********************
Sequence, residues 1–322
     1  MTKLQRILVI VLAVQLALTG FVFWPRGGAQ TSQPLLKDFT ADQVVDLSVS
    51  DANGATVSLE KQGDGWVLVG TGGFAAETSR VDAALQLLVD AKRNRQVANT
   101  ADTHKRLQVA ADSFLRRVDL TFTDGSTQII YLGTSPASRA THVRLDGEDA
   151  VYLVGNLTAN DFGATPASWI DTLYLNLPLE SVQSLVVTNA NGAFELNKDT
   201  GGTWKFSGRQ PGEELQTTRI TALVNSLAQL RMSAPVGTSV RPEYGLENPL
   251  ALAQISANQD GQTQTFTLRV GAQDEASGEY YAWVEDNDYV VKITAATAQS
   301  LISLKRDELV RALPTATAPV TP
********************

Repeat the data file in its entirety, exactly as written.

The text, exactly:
Sequence, residues 1–322
     1  MTKLQRILVI VLAVQLALTG FVFWPRGGAQ TSQPLLKDFT ADQVVDLSVS
    51  DANGATVSLE KQGDGWVLVG TGGFAAETSR VDAALQLLVD AKRNRQVANT
   101  ADTHKRLQVA ADSFLRRVDL TFTDGSTQII YLGTSPASRA THVRLDGEDA
   151  VYLVGNLTAN DFGATPASWI DTLYLNLPLE SVQSLVVTNA NGAFELNKDT
   201  GGTWKFSGRQ PGEELQTTRI TALVNSLAQL RMSAPVGTSV RPEYGLENPL
   251  ALAQISANQD GQTQTFTLRV GAQDEASGEY YAWVEDNDYV VKITAATAQS
   301  LISLKRDELV RALPTATAPV TP